By Gretchen Wehmhoff

With the latest dump of snow, winter really showed up. People had to step out of their comfort zones – I mean the comfort zone of toasty homes and cable television. There was so much snow that it was all hands on deck, or snow shovel.

My siblings and I grew up with a 40’ x 60’ ice rink in our backyard. Keeping it shoveled was just part of the joy. We learned to keep the blade at an angle as we skated with the shovel.We set boundaries with the neighborhood kids. If they wanted to skate, they had to shovel the rink at least once. Dad made sure we had plenty of shovels and even built a small fire pit next to the rink for warming. I’m sure by today’s standards the fire pit would be considered dangerous. I think it ensured you learned to stop.

Speaking of learning to stop…

My first adventure on skis happened at a Girl Scout winter event at Elmendorf’s (now JBER)  Hillberg in the late 60s. I was 12. Most of my friends knew how to ski, so they rushed to the hill while I waited in line for rental equipment. The attendants were kind, showed me how to take the skis on and off, how to hold my poles and sent me on my way. I didn’t think to ask any questions.

The skiers grabbed a long heavy rope that pulled them to the top of the hill. Easy. I could grab a rope. I worked my way over to the line, and with some instruction, I grabbed on. Working to keep my skis straight and remembering the instructions to lean back, I started to move forward and up. Friends called out to me on the way down. I was excited to join them. In my moment of peace I noticed the rope was doing something peculiar – it was dragging on the hill above me. In fact, it was cutting into the snow and settling in. Panicky youth brain set it. I was sure my hands would be caught in the rope snow grip. Not sure what to do, I let go of the rope. I may have saved my hands, but I caused a knock-down pile-up of about ten skiers behind me. Everyone fell into each other, a few skied over us. I crawled away from the chaos and watched as the ski patrol jumped in to line all the girls up and get them back on the rope. I felt meek when I realized that had I held on, the rope would have lifted up and all would be good.

A better, uneventful trip up the rope tow took me to the top of the hill. I was beginning to think that I should have asked more questions at the rental shop, like, how do I get down the hill? 

“Come on, Gretchen!”

My friends whizzed by, laughing, stocking caps flying. How hard could it be?

I used my poles to move to the edge then let gravity do the rest and headed straight down. I mean straight down. I didn’t know about edges, or that skis were similar to skates. I didn’t know about turning or snowplowing… I just went down in a straight line. The further I went, the faster my hair blew. I held my legs together for fear they would split and go separate directions. 

“Turn, Gretchen, turn!”

It didn’t take long to notice there was a forest at the end of the run. I hadn’t thought about stopping, I had been focused on a rather exhilarating sense of speed. Now what common sense I had brought with me told me to stop, quickly, as the trees were getting closer. So, I fell. Actually, it was more of a crash, tumble and body plant ten feet from the nearest tree. I lay looking up at my breath puffing air into the sky, checking my limbs.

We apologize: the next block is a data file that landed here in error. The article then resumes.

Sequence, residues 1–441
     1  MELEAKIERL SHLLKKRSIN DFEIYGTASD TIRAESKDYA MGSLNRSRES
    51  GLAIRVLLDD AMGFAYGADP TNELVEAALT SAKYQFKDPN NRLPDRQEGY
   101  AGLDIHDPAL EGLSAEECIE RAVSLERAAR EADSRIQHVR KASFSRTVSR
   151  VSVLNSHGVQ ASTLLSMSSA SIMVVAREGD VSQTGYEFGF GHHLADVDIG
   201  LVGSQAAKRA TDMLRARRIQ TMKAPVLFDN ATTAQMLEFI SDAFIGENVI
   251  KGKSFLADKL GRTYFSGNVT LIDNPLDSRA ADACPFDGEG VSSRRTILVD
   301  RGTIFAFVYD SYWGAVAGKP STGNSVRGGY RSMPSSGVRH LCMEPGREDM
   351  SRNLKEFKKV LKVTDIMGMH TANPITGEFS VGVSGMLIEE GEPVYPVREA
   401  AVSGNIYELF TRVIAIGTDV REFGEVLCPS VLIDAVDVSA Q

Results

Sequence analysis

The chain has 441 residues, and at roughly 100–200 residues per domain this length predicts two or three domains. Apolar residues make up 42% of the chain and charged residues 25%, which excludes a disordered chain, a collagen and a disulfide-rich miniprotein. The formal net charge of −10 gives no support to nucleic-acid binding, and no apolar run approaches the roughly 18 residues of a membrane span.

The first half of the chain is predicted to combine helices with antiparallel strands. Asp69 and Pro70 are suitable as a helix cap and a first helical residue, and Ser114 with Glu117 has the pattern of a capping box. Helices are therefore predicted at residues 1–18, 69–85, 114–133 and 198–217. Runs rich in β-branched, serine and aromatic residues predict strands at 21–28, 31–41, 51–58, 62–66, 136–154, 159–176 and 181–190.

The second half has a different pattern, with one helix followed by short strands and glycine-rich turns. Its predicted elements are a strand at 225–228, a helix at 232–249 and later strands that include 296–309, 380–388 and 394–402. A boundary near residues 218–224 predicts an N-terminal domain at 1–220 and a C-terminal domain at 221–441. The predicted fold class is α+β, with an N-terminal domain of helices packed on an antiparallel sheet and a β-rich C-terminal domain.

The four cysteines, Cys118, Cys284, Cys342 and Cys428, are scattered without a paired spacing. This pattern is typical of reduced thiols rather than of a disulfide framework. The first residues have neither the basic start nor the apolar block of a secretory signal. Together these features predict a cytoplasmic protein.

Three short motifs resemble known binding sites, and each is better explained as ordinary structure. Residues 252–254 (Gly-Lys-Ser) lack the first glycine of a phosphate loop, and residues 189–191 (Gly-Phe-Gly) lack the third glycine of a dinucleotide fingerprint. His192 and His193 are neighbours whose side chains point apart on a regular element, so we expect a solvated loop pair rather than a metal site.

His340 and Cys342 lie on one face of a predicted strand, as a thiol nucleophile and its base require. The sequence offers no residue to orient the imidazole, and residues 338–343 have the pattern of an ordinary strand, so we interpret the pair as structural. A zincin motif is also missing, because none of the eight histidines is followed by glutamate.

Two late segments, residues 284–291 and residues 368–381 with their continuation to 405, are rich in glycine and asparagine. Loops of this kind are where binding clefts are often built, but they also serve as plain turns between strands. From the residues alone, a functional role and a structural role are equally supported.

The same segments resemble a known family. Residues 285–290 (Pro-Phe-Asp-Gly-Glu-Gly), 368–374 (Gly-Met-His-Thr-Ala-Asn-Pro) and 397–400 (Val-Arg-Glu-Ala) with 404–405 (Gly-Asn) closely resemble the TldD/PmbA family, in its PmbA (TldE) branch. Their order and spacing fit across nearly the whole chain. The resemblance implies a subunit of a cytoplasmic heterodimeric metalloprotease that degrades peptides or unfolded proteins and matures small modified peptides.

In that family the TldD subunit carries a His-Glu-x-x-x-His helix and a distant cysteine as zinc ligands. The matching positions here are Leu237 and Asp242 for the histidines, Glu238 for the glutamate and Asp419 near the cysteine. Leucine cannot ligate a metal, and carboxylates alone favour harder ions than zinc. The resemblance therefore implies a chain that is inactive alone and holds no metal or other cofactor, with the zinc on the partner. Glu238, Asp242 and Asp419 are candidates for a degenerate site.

Maybe snowshoe softball would be less dangerous. I returned my skis and headed over to the softball game. The adult in charge fitted me with snowshoes, the kind you see on people’s walls with long boards in the back. This should be easier. I knew how to play softball and I was pretty good at bat.

When it was my turn, I waddled my way to the plate. Positioning my hands in the familiar way, I waited for the pitch. It came and it was perfect. Powering the bat forward, I heard the loud smack as I sent the ball flying into the air. I didn’t get to see where it went. I had forgotten I had snowshoes on and couldn’t move. I also forgot to drop the bat which continued its arc around my body hitting me in the back of my head. I was down, and once again looking at the sky. This time a group of worried adults huddled over me. They decided that perhaps I’d had enough fun and should go rest in the warm up tent. I didn’t argue at all.

I did play snowshoe softball once more during Fur Rendezvous in the ‘80s.  There was a write up in the paper. According to he reporter I had popped the orange ball high into the air and headed to first base. The first base player struggled to retrieve the ball an outfielder had thrown in. She didn’t need to hurry. I had fallen, struggled back up, fell again and eventually crawled through the snow to the base. I’m pretty sure I didn’t make it, but it was a touch and go match to see who could keep moving in the right direction. Again, I found myself looking up at the sky. Maybe space travel would be easier.